667032,962 (18.92)49.311.00
717534,979 (20.08)51.481.10 (1.06‐1.13)b
768036,728 (21.08)53.011.15 (1.12‐1.19)b
818534,784 (19.97)54.051.19 (1.15‐1.23)b
>8534,756 (19.95)55.331.25 (1.21‐1.29)b
Gender
Male71,049 (40.78)52.951.02 (1.00‐1.04)
Female103,160 (59.22)52.481.00
Race
Non‐Hispanic white124,312 (71.36)52.771.00
Black16,809 (9.65)51.450.84 (0.81‐0.87)b
Hispanic30,618 (17.58)52.700.88 (0.85‐0.91)b
Other2,470 (1.42)55.711.06 (0.97‐1.15)
Rural/urban residence
Metropolitan136,739 (78.49)53.881.00
Nonmetropolitan35,000 (20.09)48.160.96 (0.93‐0.99)b
Rural2,448 (1.41)50.041.04 (0.95‐1.13)
Medicaid eligible
No128,909 (74.00)52.651.00
Yes45,300 (26.00)52.720.97 (0.94‐0.99)b
Education levelc
1st quartile (lowest)43,863 (25.18)54.611.00
2nd quartile43,316 (24.86)53.921.00 (0.97‐1.03)
3rd quartile43,571 (25.01)50.720.99 (0.96‐1.02)
4th quartile (highest)43,318 (24.87)51.981.01 (0.97‐1.04)
Emergency admission
No99,101 (56.89)51.151.00
Yes75,108 (43.11)54.681.07 (1.05‐1.09)b
Weekend admission
No131,266 (75.35)52.451.00
Yes42,943 (24.65)53.351.01 (0.99‐1.04)
Discharge destination
Home122,542 (70.34)50.901.00
Inpatient rehabilitation facility9,512 (5.46)55.481.31 (1.25‐1.37)b
Skilled nursing facility37,248 (21.38)57.251.29 (1.26‐1.33)b
Other4,907 (2.82)56.881.14 (1.07‐1.21)b
DRG weight (per unit)1.561.27, 0.82 (1.16‐1.83)1.06 (1.05‐1.07)b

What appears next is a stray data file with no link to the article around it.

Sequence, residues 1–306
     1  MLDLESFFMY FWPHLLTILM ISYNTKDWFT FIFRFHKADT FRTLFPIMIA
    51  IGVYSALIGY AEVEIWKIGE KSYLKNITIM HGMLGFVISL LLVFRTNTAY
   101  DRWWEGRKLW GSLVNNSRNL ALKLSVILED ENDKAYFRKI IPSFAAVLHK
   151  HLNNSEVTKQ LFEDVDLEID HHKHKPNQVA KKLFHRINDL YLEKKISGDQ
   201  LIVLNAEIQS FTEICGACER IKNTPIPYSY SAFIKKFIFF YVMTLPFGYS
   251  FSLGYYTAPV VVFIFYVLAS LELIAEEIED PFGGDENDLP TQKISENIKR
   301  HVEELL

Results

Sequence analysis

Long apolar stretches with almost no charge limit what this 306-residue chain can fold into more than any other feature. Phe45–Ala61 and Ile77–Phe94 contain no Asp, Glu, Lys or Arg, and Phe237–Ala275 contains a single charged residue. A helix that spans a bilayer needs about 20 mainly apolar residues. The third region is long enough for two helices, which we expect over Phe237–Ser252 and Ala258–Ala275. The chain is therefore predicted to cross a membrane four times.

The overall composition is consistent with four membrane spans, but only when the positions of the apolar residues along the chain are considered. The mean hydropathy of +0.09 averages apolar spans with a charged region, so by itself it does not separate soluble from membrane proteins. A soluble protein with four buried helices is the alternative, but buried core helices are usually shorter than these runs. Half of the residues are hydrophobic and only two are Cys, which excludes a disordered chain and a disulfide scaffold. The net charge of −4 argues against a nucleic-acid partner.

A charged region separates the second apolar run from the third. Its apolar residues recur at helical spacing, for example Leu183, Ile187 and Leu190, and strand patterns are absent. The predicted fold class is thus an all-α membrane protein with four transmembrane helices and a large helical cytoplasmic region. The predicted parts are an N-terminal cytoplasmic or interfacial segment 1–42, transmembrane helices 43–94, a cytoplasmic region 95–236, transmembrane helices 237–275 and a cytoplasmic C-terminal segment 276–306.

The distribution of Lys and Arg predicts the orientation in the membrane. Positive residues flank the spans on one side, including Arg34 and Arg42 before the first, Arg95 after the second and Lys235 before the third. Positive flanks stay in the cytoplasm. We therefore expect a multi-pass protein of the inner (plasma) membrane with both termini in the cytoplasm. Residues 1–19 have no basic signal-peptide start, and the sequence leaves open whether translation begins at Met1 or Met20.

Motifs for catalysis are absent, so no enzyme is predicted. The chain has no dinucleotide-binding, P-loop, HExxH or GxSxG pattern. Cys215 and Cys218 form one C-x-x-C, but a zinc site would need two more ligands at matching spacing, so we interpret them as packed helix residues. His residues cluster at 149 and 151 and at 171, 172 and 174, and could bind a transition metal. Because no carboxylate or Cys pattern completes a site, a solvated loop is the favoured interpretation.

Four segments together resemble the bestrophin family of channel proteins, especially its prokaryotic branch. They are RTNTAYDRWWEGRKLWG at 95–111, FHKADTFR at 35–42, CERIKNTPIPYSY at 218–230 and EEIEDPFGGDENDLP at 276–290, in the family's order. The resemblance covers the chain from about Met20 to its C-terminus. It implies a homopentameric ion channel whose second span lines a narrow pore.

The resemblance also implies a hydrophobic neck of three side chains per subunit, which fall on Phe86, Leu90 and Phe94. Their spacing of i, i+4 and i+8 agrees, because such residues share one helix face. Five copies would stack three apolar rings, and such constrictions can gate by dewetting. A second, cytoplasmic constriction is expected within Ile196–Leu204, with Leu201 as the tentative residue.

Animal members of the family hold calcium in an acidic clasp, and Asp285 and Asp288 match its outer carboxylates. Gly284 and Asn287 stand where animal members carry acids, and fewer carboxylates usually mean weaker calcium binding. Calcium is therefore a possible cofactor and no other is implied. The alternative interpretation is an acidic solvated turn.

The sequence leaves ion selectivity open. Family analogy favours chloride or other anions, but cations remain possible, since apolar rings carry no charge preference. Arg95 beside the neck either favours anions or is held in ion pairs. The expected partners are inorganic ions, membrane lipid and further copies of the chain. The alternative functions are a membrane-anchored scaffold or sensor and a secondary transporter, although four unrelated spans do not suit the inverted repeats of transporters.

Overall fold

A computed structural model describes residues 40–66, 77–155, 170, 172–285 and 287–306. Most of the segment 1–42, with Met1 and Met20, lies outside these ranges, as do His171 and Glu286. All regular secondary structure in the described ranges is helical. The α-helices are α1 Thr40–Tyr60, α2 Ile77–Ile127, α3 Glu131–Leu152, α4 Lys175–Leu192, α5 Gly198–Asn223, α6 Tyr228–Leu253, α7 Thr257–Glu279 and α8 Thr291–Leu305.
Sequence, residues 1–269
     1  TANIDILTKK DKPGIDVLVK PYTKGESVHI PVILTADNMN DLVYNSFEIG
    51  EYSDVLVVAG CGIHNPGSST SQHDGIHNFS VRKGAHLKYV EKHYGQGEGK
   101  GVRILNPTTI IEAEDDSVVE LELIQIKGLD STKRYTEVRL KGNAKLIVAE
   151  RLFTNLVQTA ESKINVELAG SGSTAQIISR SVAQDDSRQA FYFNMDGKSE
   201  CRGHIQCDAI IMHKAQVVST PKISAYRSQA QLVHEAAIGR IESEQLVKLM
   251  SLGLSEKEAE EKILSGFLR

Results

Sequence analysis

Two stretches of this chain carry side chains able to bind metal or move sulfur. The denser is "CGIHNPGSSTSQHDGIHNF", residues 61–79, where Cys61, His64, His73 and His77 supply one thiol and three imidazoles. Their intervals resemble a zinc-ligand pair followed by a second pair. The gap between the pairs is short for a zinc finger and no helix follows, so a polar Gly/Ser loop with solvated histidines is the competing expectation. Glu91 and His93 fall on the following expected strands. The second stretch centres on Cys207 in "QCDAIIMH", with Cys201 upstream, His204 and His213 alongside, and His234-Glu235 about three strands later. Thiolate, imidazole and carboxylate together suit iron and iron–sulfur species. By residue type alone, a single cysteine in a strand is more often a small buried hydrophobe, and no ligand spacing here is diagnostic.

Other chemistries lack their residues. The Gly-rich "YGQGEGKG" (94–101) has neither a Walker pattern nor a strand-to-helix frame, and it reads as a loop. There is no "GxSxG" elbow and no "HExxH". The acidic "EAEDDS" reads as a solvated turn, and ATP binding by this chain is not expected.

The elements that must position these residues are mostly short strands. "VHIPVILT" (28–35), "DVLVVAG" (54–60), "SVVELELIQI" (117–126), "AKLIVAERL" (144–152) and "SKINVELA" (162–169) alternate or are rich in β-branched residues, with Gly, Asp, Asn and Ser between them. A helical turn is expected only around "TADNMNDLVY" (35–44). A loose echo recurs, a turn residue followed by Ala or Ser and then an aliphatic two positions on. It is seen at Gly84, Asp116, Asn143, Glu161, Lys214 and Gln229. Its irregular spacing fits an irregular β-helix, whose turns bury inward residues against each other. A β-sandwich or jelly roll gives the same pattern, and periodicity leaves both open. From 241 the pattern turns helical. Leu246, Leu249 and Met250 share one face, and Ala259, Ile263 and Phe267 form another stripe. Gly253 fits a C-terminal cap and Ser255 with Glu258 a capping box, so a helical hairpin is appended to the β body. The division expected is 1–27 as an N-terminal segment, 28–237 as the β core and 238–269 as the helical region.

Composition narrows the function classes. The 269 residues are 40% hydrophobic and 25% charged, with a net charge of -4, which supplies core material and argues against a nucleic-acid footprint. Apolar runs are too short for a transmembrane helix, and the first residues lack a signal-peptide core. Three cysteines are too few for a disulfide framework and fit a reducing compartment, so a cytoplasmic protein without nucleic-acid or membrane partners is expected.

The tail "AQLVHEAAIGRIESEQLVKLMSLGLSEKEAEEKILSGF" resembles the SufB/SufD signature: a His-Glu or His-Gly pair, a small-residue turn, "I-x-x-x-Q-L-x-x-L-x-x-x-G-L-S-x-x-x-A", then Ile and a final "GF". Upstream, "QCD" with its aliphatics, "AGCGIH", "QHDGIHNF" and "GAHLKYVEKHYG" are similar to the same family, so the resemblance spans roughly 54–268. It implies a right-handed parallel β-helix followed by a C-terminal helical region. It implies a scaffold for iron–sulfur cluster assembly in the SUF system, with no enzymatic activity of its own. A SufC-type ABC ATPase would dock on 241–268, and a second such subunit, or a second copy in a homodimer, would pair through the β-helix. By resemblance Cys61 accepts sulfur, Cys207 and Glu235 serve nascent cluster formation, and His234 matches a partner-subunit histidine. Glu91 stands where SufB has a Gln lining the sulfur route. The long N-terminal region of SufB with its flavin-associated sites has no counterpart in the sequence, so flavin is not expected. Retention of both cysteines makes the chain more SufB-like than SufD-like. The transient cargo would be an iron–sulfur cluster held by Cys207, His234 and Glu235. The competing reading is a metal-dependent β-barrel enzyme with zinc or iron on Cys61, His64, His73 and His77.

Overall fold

Hospitalization in the prior year (per hospitalization)1.031.49, 0.00 (1.00‐2.00)1.04 (1.03‐1.04)b
Physician visits in the prior year (per 10 visits)11.759.80, 5.00 (10.00‐17.00)0.97 (0.96‐0.98)b

Table 1 also presents the odds of readmission adjusted for all other factors in the table and also adjusted for clustering within ED providers in a 2‐level model. Increasing age, white race, metropolitan residence, nonhome discharge, higher severity of illness, more hospitalizations in the prior year, fewer physician visits in the prior year, and an emergency initial admission were each associated with a higher readmission rate.

We next generated estimates of readmission rates for each ED provider from the adjusted 2‐level models. Figure 1 shows the adjusted cumulative readmission rates for the 1922 ED providers. This figure shows the mean value and 95% confidence intervals of the readmission rates for each provider. Dark vertical lines indicate providers whose readmission rate differed significantly from the mean adjusted readmission rate of 52.1% for all providers. Of the ED providers, 14.2% had significantly higher readmission rates. The mean readmission rate for these 272 providers was 67.2%. Of the ED providers, 14.7% had significantly lower readmission rates. The mean readmission rate for these 283 providers was 36.8%.

Figure 1

Ranking of emergency department (ED) provider by adjusted readmission rate: readmission on the day of or day after ED visit. Rates were estimated by 2‐level analyses, adjusted for patient characteristics. The horizontal line represents the overall mean. Error bars represent 95% confidence intervals of the estimate for the individual ED provider. Black error bars represent ED providers with significantly higher or lower estimates.